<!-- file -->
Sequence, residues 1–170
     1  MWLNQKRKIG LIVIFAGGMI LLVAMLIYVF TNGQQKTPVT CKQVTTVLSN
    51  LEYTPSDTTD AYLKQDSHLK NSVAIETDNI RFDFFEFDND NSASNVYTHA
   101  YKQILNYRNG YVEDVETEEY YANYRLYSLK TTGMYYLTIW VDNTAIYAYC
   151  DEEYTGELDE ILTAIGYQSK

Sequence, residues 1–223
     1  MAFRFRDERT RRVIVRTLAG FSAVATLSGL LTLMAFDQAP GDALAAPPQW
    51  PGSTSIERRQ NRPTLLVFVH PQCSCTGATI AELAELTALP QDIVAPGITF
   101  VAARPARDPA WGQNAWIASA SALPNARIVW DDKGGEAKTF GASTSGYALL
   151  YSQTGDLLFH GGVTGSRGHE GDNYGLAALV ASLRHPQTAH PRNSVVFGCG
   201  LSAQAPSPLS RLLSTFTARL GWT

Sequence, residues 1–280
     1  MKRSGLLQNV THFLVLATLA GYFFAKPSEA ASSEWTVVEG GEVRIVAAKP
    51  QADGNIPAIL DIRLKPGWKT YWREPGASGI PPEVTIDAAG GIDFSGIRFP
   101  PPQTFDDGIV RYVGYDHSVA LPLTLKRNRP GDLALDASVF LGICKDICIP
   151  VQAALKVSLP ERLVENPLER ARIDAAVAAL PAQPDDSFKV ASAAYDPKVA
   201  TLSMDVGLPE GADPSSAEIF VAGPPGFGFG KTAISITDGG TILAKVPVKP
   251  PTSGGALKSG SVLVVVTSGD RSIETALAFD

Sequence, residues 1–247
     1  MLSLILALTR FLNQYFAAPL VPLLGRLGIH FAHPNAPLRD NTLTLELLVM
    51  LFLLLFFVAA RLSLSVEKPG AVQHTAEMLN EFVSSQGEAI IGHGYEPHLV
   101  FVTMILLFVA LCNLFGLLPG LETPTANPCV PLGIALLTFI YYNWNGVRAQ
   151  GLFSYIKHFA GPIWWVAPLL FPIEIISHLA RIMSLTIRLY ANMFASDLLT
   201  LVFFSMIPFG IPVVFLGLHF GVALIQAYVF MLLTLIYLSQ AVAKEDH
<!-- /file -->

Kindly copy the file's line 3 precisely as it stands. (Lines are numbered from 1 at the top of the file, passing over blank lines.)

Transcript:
    51  LEYTPSDTTD AYLKQDSHLK NSVAIETDNI RFDFFEFDND NSASNVYTHA